Afro Celt Sound System: Pod

Some artists make music that people can dance to, while others make "dance music." ACSS is the former, but with the remix album Pod, they try their hand at the latter. In places, they almost succeed: "Rise Above" taps into some classic traditions of house music, the beginning of "Persistence of Memory" nods at techno giants like The Orb and Underworld, "Riding the Skies" establishes a reasonably authentic drum and bass feel, and the Bipolar remix of "Release" would easily fit on an 18th Street Lounge compilation.

So why does it fail when so many ingredients are present?

First and foremost, these remixes never channel the strongest elements of great dance music. We never feel the passion of Kerri Chandler's gospel-inspired house sets, we never bask in Carl Cox's gaptoothed smile at 8:00 in the morning, and we never share the love that spun out of Larry Levan's speakers at the Paradise Garage.

Second, these songs don't gel into a complete unit. The greatest dance compilations tell you where they are going to take you, then they take you there. The DJ may throw in some unexpected twists and provide some downtime along the way, but he never strays from his established course. This album is so busy trying to be everything to every style of electronic dance music that it never reaches a final destination.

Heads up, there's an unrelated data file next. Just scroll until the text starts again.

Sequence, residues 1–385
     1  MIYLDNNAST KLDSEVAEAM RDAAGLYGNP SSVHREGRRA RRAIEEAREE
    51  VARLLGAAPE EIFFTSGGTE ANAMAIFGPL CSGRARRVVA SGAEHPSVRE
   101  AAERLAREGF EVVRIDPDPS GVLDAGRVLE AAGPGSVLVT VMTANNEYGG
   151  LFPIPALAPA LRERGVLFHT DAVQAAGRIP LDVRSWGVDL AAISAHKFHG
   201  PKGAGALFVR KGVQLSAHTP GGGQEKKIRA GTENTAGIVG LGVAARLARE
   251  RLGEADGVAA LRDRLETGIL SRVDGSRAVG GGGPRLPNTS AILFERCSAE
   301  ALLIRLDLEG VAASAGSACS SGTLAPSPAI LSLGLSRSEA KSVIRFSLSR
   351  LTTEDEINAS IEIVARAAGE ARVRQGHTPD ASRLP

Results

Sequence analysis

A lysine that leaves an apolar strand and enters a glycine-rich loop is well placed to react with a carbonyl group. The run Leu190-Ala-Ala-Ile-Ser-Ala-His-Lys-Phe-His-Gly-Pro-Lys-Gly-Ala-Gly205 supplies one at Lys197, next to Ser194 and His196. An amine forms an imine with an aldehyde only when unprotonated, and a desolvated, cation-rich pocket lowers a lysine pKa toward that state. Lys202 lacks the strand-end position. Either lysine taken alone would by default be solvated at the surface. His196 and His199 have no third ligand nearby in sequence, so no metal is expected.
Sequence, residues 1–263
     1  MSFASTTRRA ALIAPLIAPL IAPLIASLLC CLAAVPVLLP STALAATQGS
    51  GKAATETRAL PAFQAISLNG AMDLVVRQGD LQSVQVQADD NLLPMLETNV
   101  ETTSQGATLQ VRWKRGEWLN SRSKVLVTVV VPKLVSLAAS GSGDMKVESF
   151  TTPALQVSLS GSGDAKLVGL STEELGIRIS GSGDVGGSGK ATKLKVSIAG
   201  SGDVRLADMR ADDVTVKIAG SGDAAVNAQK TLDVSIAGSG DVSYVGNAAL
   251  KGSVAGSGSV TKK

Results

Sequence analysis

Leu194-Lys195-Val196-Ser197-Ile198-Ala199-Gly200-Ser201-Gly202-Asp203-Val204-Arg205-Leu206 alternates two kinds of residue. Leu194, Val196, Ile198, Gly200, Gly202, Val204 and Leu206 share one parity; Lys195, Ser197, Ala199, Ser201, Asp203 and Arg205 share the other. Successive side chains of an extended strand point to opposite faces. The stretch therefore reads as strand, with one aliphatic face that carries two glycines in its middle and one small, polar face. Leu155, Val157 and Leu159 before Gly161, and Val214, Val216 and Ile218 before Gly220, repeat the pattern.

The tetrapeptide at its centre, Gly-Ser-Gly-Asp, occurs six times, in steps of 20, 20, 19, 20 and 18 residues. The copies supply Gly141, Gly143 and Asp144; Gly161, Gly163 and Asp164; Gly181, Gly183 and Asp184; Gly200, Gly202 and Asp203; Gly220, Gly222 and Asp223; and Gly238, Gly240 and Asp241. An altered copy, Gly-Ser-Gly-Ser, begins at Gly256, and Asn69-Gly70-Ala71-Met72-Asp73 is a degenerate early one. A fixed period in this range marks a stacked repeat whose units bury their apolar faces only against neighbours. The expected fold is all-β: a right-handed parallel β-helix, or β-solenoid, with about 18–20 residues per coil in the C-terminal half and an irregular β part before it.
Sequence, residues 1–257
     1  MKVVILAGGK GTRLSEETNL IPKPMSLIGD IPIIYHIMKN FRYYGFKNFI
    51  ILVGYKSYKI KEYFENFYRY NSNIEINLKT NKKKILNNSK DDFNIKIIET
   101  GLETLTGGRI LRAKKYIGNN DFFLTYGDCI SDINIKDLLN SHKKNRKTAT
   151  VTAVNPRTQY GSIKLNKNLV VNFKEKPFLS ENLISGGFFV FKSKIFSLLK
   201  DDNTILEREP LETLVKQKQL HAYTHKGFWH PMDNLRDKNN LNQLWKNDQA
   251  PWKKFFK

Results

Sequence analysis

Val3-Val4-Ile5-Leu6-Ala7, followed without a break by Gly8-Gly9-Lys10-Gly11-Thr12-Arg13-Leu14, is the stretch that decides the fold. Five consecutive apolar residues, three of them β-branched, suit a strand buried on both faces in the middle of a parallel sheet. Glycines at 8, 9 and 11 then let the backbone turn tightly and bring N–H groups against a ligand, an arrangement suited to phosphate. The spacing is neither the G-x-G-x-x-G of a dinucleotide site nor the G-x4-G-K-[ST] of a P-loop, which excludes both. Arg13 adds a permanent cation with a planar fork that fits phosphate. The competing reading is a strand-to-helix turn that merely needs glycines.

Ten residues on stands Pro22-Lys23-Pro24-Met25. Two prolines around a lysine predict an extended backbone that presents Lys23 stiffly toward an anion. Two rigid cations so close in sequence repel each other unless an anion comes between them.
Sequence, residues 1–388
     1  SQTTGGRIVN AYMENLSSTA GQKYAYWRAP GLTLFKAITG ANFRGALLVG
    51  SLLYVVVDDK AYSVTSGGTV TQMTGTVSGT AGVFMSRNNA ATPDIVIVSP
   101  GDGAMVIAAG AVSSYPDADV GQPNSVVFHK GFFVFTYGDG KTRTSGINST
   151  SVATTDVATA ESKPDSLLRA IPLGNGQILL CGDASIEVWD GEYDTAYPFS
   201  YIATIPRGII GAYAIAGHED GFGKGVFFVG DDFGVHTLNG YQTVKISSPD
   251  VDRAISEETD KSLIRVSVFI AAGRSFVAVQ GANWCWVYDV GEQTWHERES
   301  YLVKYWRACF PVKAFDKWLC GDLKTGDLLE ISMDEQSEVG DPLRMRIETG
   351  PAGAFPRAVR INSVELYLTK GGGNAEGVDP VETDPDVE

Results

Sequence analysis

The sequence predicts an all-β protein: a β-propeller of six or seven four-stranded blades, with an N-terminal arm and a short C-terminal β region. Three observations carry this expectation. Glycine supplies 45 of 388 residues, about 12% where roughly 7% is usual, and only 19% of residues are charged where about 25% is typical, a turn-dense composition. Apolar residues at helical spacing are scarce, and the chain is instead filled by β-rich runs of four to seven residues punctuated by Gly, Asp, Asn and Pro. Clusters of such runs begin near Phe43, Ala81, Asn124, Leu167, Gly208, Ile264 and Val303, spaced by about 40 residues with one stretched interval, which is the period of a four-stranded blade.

Third, the producers strip away the unique elements of ACSS rather than building upon them. The single exception is the album's strongest track, "Whirly 3." From the moment the song starts, everything comes together in a way that is both exciting and extremely danceable. Ironically, this is the only track that I can't directly trace to some existing form of dance music; it doesn't try to be house or trance or ambient or anything other than Afro Celt Sound System, and that is why it succeeds.

Why does Pod fail when so many ingredients are present? Because producers Simon Emmerson, James McNally, and Mass forgot to include the most important ingredients of all: fun, passion, and a love for great dance music.

Music: 1.5 EPFL library cards out of a possible 5
I'm judging the producers who used pre-existing recordings as their instruments (as opposed to the musicians who recorded the original songs), and they're lucky to get a 1.5. This is the kind of crap that comes from people who listen to great music but don't understand why it's great. The lyrics have the going-through-the-motions positivity that marks so much third-rate dance music. Everything here has been done a thousand times before.

Packaging: 2 EPFL library cards out of a possible 5 (Altered by EPFL.)
The cover has an interesting image of (I assume) sleeper pods on a Japanese train. The design steals largely from other sources, particularly the early Global Underground releases. Their moronic inclusion of the word "phat" in the thank-yous simply proves how "unphat" this album is.

Listen if you like: Remixes of people like Jewel, Dido, or Sarah McLachlan.

If it were food, it'd be: Wheat Thins - They're not bad, but there's just not much to them.

1 comment:

bob_vinyl said...

Isn't it interesting that things often go more awry when someone tries too hard than when they don't try hard enough? It sounds like that's what happened here: The producers were too busy trying that they lost sight of what they should have been letting happen.